Why the background on your Zoom call matters
Taking precautions can help you avoid distractions and counter short attention spans
We’ve seen a lot of Zoom meetings, either through our own communications with colleagues or watching subject-matter experts doing interviews on national television. And let’s be honest, there have been some questionable surroundings out there.
Let me ask you – have you been on a Zoom call and found yourself wondering about what you are seeing behind a colleague? Or watched a remote interview on a newscast and been distracted because of bad lighting or cluttered surroundings?
Why does this matter? Because if you are doing an interview or participating in a meeting and have something important to share, you need to make sure your audience is listening to what you are saying and not thinking about your backdrop.
We are being bombarded with information from our smartphones, computers, tablets, television sets and everything else out there. And with so many of us working remotely from home, there are an awful lot of distractions around the house, kids, animals and other family members. There’s incredible, unprecedented competition for our fractured attention spans, so you need to make it as easy as possible for your important message to register with your audience.
In order to maximize your impact and make sure people hear your valuable observations, they must be listening to you, but they can’t listen to what you are saying if you are throwing roadblocks at them in the way of a bad set. Let’s address some of the worst offenders.
I know most of us don’t have the luxury of a professional studio, but be aware of your surroundings and what’s behind you. Backlighting from windows or a chandelier can be distracting and take away from the details your face and in some cases even look comical. If it is possible, try to direct a light from behind your camera onto your face. A soft light can help smooth out facial lines. Experiment with what you have in your home.
Years ago, I had the privilege of interviewing TV icon Barbara Walters. She was incredible, and at the end of our interview, I asked her how she always managed to look so good for so many years and she told me, “Tiffany I always have great lighting.”
Sound is another factor that can be distracting. Again, be aware of your surroundings. If you are in a room with hardwood floors there can be reverberations with your audio. If possible, choose a room with carpeting to minimize the echoing. Also, if there are family members present, try to keep their background noise to a minimum.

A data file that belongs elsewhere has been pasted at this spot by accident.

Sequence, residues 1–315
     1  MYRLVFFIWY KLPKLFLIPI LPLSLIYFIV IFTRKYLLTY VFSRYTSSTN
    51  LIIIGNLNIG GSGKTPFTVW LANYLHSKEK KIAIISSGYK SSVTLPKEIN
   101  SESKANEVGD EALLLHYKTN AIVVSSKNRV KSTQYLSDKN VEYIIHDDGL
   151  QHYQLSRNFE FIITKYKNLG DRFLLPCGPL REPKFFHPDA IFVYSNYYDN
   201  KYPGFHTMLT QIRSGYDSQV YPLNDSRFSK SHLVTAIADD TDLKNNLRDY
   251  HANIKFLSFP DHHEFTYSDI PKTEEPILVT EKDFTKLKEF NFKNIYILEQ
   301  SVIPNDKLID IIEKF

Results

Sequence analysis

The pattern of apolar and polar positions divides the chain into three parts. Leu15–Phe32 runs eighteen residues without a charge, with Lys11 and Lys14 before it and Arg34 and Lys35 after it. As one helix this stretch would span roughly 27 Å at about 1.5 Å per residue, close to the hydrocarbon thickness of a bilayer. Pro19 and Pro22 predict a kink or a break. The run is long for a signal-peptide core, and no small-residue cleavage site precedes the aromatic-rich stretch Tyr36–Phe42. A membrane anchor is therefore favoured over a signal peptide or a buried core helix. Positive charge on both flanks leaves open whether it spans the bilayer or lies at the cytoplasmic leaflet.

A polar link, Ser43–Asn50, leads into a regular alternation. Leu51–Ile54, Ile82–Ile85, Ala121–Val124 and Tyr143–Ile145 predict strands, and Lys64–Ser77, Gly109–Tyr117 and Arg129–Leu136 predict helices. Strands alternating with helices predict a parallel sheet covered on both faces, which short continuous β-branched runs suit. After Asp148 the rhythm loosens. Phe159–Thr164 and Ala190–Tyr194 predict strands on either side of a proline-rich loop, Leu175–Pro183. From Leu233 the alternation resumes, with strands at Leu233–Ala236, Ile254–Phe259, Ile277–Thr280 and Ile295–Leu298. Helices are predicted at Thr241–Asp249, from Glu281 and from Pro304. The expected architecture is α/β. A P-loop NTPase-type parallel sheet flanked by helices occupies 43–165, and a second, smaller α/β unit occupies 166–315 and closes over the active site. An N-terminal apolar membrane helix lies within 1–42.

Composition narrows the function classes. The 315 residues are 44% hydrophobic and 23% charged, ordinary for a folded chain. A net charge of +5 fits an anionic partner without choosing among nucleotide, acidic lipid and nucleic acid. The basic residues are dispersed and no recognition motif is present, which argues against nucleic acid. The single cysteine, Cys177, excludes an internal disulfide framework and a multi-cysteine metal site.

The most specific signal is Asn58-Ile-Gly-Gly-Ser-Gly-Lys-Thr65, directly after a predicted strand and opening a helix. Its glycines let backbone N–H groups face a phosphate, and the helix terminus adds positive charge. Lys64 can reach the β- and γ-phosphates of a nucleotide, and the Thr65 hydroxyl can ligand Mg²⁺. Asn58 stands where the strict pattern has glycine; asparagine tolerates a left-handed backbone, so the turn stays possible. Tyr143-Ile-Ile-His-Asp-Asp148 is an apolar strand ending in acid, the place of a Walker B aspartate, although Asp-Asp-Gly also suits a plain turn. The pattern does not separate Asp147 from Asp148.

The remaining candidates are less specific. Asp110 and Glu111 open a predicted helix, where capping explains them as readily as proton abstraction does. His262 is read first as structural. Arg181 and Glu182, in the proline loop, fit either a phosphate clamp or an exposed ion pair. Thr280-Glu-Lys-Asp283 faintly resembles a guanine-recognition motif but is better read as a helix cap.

Angles can be your friend or enemy, depending on how you want to play them. Ideally, you want a shot not too close, focused at eye level. You want to be making eye contact with your audience. Remember, one of the least attractive angles of our face is from down below looking up at our nostrils.
Think of the space where you do your remote meeting or interview as your studio. Be thoughtful and deliberate about what you want your background to say about you. Ideally, your studio should reinforce your brand and not be filled with distractions.
I watched an interview recently on CNN, and the person was jammed in front of a cluttered bookshelf. I have to admit at the end of the interview I don’t remember what he said because I was reading the titles on his shelves and wondering where his family photos were taken. I’m sure other people did the same thing.
Again, why should you care about this? Because It has to do with your credibility. Your setting can either help or hinder your ability to tell your story. Would you show up for an important meeting wearing flip flops and ripped clothes?
There are many things that you can do at home to create your own professional-looking “studio.” Experiment with your space and settings. Get feedback from friends and family. Often, a few minor adjustments can make a big difference in the quality of your shot.
Tiffany Eddy is a former broadcast journalist and founder of Smart Strong Sassy, a company that supports communication and connects individuals through storytelling For a video with some tips and visual examples, click here.